Rents Are Rising in the US – What You Can Do to Soften the Blow

Modern brick and stucco condo buildings with balconies and garages.
dbvirago / Getty Images/iStockphoto

Rents are rising at their fastest clip in years as the U.S. economy continues its recovery from the COVID-19 pandemic, a development that will no doubt make rental companies happy but could spell trouble for tenants still struggling to make ends meet.

Find: Are You Actually Spending Your Child Tax Credit Payment? Take Our Poll
See: How the Child Tax Credit and Other Stimulus Packages Benefit the Full Economy and Not Just Recipients

The good news is, plenty of rental assistance money is still available for Americans who qualify.

According to a new report from Apartment List, the national median rent from January to July 2021 rose by 11.4% — much higher than during the pre-pandemic years of 2017 to 2019, when rent growth from January to July averaged only 3.3%.

In fact, the report said, the first half of 2021 has seen the fastest growth in rent prices since the start of Apartment List’s estimates in 2017. Prices are up more than 10% compared to this time last year and 9.4% compared to the pre-pandemic level from March 2020.

Make Your Money Work for You

“The recent spike has now put actual rents well ahead of the trend they were on prior to the pandemic,” the report said. “The national median rent currently stands at $1,244, which is $44 greater than where we project it would be if rent growth over the past year and a half had been in line with the growth rates we saw in 2018 and 2019.”

In 98 of the nation’s 100 biggest cities, rent growth from January to July 2021 has outpaced the average growth from 2017 to 2019 over the same time period. Rents remain below pre-pandemic levels in only 13 of the nation’s 100 largest cities, and even in these cities, rents have been ticking back up at a furious pace.

For example, San Francisco saw its average rents decline 26.6% from March 2020 through January 2021. But since then, its rents have increased by more than 17%. Boston, Seattle and New York have seen even stronger rebounds.

For cash-strapped Americans who worry about affording the higher prices, plenty of government programs are available to help out. As previously reported in GOBankingRates, more than 360 programs are available across the country that provide money to renters who’ve fallen behind because of the pandemic. The funds total about $46 billion and have been included in the last two major stimulus packages with the aim of helping renters catch up on their payments.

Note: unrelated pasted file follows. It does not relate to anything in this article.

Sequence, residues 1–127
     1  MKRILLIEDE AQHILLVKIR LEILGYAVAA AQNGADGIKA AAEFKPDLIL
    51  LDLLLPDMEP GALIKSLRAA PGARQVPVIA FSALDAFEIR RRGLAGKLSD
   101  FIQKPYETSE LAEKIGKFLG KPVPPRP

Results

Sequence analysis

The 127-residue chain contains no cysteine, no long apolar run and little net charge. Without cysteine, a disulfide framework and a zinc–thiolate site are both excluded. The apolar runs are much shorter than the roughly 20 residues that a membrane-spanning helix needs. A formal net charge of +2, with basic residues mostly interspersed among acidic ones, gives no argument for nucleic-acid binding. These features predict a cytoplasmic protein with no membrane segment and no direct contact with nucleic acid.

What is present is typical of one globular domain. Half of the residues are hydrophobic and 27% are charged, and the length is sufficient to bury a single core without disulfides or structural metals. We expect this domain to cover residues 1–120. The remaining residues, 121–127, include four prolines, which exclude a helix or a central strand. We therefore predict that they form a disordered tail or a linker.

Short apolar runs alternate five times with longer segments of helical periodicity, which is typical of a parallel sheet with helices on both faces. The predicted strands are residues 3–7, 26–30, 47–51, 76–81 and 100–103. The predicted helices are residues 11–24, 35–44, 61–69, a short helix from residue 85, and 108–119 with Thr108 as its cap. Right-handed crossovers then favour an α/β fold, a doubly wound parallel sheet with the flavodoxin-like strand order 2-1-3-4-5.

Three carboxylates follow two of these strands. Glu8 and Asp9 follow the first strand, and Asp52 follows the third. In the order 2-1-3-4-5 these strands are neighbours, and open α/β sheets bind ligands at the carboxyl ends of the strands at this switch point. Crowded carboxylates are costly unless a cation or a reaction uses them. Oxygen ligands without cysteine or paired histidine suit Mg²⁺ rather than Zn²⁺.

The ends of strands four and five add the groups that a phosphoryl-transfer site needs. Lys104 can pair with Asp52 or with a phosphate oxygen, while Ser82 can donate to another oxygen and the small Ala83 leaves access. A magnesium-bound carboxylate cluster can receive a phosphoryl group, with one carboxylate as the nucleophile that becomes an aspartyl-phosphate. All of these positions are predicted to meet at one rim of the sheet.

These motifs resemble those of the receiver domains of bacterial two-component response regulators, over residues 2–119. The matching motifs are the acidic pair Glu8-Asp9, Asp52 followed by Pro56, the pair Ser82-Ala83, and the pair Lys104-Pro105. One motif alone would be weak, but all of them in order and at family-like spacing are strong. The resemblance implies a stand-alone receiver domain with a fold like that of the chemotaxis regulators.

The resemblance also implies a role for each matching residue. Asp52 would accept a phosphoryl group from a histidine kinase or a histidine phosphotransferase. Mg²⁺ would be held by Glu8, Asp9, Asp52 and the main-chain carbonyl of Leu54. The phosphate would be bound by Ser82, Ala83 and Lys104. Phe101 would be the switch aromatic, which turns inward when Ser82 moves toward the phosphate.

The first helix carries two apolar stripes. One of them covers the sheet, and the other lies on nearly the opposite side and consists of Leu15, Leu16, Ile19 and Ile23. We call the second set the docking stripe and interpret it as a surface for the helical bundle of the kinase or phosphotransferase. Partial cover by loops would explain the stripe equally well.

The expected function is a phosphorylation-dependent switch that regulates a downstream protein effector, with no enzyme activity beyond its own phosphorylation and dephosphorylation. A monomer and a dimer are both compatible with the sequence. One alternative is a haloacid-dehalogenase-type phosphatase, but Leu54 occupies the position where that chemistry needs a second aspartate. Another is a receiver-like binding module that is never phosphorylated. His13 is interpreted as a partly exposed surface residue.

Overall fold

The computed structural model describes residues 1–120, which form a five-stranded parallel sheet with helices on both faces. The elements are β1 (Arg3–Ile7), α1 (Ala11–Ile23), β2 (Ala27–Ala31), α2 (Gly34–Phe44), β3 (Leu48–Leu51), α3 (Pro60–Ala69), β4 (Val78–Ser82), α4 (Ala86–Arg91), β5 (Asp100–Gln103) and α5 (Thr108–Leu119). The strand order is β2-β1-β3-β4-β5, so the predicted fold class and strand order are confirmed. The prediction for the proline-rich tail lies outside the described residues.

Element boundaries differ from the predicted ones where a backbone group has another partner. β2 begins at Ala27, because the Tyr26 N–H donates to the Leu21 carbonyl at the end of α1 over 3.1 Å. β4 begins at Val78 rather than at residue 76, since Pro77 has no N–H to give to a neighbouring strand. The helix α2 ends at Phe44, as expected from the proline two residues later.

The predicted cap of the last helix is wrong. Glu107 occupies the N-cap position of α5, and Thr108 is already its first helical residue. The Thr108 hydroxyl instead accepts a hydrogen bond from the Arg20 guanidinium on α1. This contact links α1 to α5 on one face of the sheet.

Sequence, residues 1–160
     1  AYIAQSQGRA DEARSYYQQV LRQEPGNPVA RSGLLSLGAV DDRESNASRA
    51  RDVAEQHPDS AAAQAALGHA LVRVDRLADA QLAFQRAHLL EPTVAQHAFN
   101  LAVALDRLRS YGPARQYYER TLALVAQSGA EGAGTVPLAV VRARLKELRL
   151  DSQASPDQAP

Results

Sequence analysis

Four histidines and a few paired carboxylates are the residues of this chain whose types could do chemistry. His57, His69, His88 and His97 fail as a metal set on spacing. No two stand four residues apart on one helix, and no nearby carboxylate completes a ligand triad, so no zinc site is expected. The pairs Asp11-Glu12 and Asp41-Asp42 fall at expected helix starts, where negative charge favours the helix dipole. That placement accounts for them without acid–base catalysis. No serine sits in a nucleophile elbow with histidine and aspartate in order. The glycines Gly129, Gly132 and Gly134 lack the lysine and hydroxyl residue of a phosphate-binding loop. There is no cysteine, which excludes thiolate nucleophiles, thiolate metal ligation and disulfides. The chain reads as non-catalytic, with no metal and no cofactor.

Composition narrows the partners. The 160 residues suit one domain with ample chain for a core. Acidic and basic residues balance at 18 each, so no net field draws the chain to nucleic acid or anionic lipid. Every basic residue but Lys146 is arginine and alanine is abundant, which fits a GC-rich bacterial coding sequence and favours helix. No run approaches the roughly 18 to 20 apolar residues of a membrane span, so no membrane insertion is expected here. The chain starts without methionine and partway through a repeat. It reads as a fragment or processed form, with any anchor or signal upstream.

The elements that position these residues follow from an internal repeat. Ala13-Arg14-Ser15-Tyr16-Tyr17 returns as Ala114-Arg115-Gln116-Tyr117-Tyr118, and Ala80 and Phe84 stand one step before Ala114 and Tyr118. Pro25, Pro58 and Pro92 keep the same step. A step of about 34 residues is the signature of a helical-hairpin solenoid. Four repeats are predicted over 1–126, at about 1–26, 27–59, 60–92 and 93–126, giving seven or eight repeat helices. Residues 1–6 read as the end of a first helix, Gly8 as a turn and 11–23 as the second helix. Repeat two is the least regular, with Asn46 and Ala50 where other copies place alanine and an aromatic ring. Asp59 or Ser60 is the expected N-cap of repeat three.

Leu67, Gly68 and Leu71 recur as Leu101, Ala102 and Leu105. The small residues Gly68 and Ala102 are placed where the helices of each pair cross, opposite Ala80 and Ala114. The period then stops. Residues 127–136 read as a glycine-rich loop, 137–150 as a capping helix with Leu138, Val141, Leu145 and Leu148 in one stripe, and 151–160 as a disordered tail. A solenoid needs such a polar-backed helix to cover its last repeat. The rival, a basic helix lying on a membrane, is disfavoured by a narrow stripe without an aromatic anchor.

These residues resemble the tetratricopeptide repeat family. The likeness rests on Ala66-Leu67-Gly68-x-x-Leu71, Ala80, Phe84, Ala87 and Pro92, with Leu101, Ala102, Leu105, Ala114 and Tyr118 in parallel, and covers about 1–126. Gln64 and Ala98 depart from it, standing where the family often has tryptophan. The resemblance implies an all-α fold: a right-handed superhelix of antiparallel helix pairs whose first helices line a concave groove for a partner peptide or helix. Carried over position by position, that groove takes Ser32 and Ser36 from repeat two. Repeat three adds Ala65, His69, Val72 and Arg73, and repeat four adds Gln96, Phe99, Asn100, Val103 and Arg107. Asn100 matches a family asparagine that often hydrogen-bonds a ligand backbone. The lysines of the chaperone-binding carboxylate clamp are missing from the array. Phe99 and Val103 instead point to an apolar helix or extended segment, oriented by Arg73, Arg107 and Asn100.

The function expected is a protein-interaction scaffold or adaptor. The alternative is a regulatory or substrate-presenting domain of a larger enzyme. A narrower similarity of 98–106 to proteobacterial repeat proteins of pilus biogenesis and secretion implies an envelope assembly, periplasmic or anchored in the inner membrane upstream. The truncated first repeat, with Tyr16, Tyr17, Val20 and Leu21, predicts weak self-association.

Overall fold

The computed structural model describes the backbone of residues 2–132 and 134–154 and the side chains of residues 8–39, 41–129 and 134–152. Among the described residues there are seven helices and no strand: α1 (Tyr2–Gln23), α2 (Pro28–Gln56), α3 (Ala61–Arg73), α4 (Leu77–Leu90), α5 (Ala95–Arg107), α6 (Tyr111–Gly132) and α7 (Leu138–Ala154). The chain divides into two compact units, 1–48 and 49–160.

Make Your Money Work for You

See: 17 Dumb Home-Buying Mistakes That Hurt Your Wallet
Find: Credit Scores, Mortgages and Bills, Oh My! 5 Things To Know Before Buying a House

The vast majority of that money is still available. Last week, GOBankingRates noted that only $4.2 billion of the $46 billion has reached households, according to a new report by the National Low Income Housing Coalition.

To be eligible for rental assistance, at least one member of your household must qualify for unemployment benefits or attest in writing that they’ve lost income or incurred significant expenses due to COVID-19. You also need to show a risk of homelessness, such as a past due rent notice. Finally, your 2020 income level can’t exceed 80% of your area’s median income, though some states might have different income requirements.

More From GOBankingRates

Share this article:

Make Your Money Work for You

About the Author

Vance Cariaga is a London-based writer, editor and journalist who previously held staff positions at Investor’s Business Daily, The Charlotte Business Journal and The Charlotte Observer. His work also appeared in Charlotte Magazine, Street & Smith’s Sports Business Journal and Business North Carolina magazine. He holds a B.A. in English from Appalachian State University and studied journalism at the University of South Carolina. His reporting earned awards from the North Carolina Press Association, the Green Eyeshade Awards and AlterNet. In addition to journalism, he has worked in banking, accounting and restaurant management. A native of North Carolina who also writes fiction, Vance’s short story, “Saint Christopher,” placed second in the 2019 Writer’s Digest Short Short Story Competition. Two of his short stories appear in With One Eye on the Cows, an anthology published by Ad Hoc Fiction in 2019. His debut novel, Voodoo Hideaway, was published in 2021 by Atmosphere Press.
Learn More